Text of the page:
Pre-conference activities on March 8 include a tour of three local dairy farms and a workshop focused on cow comfort.

Lee karen
Managing Editor / Progressive Dairy

Topics of this year’s seminar sessions include nutrition, research, animal welfare, reproduction, health and transition cow management. The opening plenary session will feature three key issues facing the industry: Europe’s dairy industry, GMOs and antibiotic resistance. Below, the presenters on these topics answer a couple of questions about their presentations.

Further details about the entire event are available online. For additional conference information, contact Kate Davies, conference coordinator, by email or call (780) 492-3236.

Albert Jan Maat

The European Dairy Industry Post-Supply Management

Albert Jan Maat, LTO Nederland (Dutch Federation of Agricultural and Horticultural Organizations)

Why is this topic important?


MAAT: A lot has changed over the last year for European dairy farmers. The milk quota, which regulated production in Europe for many years, has ended – and price volatility struck the farmers right away. This made some people doubt whether the change in policy has been the right thing to do. In the Netherlands, we think it is a good thing the quota ended. Our farmers are entrepreneurs who know how to deal with the market going up and down. However, the differences between European countries are huge. Not only in farm structure but also culture-wise. How to cope with this situation is the challenge European policymakers are facing. For this, we also look to what happens in other parts of the world, like Canada. What can we learn from each other?

What do you hope attendees will take away from this presentation?

MAAT: Free trade is a great thing. It enables us to bring our goods around the globe and to learn from each other. However, what we do not want is that farming becomes a monoculture, with only dairy production in Europe and only beef in Canada, for example. This is because farmers provide food security, keep our rural areas alive, maintain the landscape and provide solutions to world problems like climate change. I hope my attendees will think together with me on how to make sure farmers stay entrepreneurs, and a flanking agricultural policy enables them to provide those other features as well.

Margaret Smith

GMOs – Food Supply Saviour or the Devil in Disguise?

Margaret Smith, Cornell University

Why is this topic important?

SMITH: While many farmers in North America have adopted genetically engineered crop varieties, and they are planted on a large share of our crop acreage, there are sectors of the general public that remain very concerned about whether these varieties are a good thing and whether their food and feed products are safe. A better understanding of what genetically engineered crops are, how they fit into the long history of crop genetic improvement by humans, where and in what forms they are found in our food system and what we know about their risks and benefits should contribute to more thoughtful dialog about this technology.

What do you hope attendees will take away from this presentation?

SMITH: I hope attendees will gain an understanding of the depth of human alteration of crop genetics over thousands of years, the ways in which genetic engineering is different from previously used tools for genetic improvement and the ways in which it is similar, the range of crops currently commercially available as genetically engineered varieties and the reasons for opposing viewpoints on genetically engineered varieties. An understanding of how and why others might view this technology differently is essential to engaging in constructive dialog with people whose perspectives are different from our own. I hope attendees will begin to grasp some of the logic behind others’ viewpoints on this issue.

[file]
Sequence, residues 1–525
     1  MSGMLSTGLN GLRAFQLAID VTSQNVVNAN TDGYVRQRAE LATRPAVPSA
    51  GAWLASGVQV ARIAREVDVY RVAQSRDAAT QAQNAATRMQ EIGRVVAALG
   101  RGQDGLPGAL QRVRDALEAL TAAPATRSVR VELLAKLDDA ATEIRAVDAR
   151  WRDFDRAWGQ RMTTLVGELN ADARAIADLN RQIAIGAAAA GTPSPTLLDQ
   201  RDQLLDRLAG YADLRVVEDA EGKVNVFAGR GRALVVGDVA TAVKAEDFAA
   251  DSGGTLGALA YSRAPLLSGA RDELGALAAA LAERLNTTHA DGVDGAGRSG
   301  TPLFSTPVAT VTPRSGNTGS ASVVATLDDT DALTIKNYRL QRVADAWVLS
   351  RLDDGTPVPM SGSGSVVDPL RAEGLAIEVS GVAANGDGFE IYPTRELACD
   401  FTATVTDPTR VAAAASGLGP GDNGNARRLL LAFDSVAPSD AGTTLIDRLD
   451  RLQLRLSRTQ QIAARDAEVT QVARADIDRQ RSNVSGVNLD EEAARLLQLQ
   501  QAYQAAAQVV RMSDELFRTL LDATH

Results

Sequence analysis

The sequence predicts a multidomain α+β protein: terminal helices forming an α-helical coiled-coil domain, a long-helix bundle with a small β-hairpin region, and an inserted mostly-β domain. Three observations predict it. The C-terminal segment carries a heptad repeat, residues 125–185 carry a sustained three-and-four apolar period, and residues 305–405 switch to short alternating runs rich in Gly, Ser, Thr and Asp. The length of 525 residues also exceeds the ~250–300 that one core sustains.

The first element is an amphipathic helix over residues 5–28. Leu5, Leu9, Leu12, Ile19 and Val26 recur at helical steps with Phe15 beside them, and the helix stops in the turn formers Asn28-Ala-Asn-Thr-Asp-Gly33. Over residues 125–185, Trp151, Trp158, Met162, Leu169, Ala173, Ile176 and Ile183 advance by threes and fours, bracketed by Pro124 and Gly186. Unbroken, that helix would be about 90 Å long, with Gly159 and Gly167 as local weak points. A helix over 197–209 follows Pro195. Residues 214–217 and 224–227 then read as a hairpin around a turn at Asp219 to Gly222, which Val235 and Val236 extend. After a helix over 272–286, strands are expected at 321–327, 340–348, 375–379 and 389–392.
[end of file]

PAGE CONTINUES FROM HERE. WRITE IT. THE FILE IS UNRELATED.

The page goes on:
Tim McAllister

Antibiotic Resistance in Humans – Does Animal Agriculture Contribute to the Problems?

Tim McAllister, Agriculture & Agri-Food Canada

Why is this topic important?

MCALLISTER: Antimicrobial resistance is a global problem facing humanity with the potential threat of returning medical science to the pre-antibiotic area. Estimates of deaths due to antimicrobial-resistant infections have been estimated as potentially reaching 10 million people per year by 2050 with an accumulated cost of $100 trillion in lost productivity and medical costs.

Livestock production accounts for the largest volume of use of antimicrobials but generally uses those antimicrobials that are not the last-resort antimicrobials for treating infections in humans. However, antimicrobial resistance is an evolving phenomena, so it is imperative antimicrobials be used in a prudent and responsible manner in dairy cattle production.

Having an appreciation of those antimicrobials used in dairy that have the greatest relevance to human health is part of this prudent-use strategy. Responsible antimicrobial use will ensure these products will continue to be available to promote dairy cattle health and will reduce the likelihood that such use will have negative implications for human health.

What do you hope attendees will take away from this presentation?

MCALLISTER: That prudent use of antimicrobials is an important practice in dairy cattle production. Members will gain an idea of which of the antimicrobials they use have implications for human health and why it is important to minimize their use. Key points include:

  • Antibiotics are important tools for managing disease in dairy cattle.
  • Bacterial evolution invariably results in some degree of antibiotic resistance.
  • Prudent use of antibiotics can reduce the risk and extent of antibiotic resistance.
  • Antibiotics should not be used as a substitute for good management practices.  PD